Sea Scallop Predation Experiment, Shinnecock Bay
Images and text courtesy of Chris Paparo, Southampton Marine Science Center Manager, and PhD student Stephen Heck
Seasonal abundances of large fish (striped bass, black sea bass, porgy, tautog, oyster toadfish) have changed over the past several decades. These changes have been largely attributed to fishing pressure and a changing climate. Many of these large fish are major predators of crustaceans (blue crabs, green grabs, mud crabs) that are in turn some of the dominant predators of bay scallops. We hypothesize that a higher abundance of large fish predators may not only reduce the abundance of crustaceans since the fish directly consume them, but also might reduce the rate at which they the crustaceans are feeding since more large fish means an increased risk of being eaten if they are out searching for prey. Therefore, we suspect that higher abundances of these large fish predators may indirectly benefit the survival of bay scallops, since crustaceans are not only less abundant but also feeding less frequently.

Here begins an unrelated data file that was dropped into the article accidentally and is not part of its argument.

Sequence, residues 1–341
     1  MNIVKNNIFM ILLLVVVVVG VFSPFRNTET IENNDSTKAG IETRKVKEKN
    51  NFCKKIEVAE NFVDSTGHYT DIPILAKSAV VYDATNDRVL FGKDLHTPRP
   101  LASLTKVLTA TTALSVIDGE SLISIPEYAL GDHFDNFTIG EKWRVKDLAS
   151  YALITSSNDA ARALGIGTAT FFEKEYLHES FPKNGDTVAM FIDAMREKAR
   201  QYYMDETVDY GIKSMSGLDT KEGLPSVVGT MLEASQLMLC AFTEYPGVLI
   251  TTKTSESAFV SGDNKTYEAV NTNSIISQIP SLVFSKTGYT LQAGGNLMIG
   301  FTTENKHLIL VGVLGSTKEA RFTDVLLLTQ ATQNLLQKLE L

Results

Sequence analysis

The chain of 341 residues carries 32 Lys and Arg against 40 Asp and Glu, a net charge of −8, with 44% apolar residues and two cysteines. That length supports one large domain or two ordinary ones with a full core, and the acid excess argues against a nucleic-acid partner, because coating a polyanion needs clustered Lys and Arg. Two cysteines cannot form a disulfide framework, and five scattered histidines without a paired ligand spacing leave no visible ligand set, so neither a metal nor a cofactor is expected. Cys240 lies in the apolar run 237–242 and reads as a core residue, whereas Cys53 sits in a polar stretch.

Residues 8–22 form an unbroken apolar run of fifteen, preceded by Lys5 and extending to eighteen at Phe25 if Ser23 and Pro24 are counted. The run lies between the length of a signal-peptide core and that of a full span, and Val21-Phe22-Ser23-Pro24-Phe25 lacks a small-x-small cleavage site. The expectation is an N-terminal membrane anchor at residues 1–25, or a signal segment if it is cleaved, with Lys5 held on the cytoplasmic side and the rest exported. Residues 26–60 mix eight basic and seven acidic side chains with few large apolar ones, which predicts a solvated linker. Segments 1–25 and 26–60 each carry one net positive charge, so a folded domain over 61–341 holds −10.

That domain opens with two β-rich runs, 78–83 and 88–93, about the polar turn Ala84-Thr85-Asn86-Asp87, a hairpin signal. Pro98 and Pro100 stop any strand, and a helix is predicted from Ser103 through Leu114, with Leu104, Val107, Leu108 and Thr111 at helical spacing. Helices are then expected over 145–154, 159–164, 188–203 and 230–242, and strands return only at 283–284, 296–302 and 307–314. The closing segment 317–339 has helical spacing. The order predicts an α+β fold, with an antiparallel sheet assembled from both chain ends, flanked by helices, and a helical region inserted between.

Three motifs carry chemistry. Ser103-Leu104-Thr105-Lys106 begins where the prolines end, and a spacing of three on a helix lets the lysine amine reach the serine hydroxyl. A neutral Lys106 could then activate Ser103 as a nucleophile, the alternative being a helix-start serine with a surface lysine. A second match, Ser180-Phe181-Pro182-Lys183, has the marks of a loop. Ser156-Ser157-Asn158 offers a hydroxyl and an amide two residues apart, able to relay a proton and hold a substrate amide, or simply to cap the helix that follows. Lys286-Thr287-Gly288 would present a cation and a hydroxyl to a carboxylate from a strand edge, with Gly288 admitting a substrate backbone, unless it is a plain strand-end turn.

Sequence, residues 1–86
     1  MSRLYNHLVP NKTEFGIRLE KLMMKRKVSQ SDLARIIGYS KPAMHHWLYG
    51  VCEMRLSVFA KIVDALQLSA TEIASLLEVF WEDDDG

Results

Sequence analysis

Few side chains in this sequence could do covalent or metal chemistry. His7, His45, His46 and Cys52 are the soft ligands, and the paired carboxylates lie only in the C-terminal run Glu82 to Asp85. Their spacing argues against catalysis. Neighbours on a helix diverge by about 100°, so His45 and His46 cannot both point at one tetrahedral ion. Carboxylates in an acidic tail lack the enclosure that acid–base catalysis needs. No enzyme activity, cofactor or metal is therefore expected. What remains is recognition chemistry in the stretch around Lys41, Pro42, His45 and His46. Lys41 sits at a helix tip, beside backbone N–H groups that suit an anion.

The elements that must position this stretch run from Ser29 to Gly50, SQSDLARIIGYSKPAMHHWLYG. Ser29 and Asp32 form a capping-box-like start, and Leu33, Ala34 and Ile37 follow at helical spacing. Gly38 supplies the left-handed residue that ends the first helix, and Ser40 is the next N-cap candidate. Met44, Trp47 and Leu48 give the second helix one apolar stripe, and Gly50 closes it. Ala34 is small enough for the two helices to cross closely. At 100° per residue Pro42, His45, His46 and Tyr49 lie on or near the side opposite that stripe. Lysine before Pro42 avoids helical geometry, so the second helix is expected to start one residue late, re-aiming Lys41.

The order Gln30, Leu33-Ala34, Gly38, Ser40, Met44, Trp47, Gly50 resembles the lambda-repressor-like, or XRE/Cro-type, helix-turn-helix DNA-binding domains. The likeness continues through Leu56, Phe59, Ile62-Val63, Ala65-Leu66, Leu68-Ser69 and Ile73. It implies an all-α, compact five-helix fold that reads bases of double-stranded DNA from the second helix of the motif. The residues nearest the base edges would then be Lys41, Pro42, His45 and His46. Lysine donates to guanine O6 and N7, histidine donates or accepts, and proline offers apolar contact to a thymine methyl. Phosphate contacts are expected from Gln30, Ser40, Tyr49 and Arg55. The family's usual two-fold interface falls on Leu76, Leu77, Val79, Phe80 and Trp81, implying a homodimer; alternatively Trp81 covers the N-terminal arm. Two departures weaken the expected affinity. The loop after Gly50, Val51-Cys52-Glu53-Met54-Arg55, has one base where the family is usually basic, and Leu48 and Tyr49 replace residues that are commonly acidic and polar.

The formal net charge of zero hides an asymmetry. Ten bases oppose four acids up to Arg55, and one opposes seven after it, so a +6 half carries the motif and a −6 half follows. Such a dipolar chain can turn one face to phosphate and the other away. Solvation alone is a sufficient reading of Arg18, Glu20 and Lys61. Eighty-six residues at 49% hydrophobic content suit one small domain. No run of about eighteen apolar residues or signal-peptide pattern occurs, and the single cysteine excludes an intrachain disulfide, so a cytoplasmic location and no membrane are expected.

We looked into this in seagrass meadows in Shinnecock Bay. In the fall of 2016, we selected seagrass patches of approximately the same size. We placed an enclosure in the center of each patch. Half of the patches had fish in the enclosure and half were empty. In order to mimic how juvenile bay scallops normally cling to seagrass to escape from predators, we attached small plastic tabs to individual scallops that were pushed through the center of eelgrass blades at standardized distanced from the enclosures.
The experiment was run overnight and the number of scallops recovered alive was quantified. Preliminary data suggests that the presence of some of these fish predators increases the survival rates of bay scallops, presumably by deterring crustaceans from foraging as frequently on bay scallops in the presence of these larger fish, although more work remains to be done.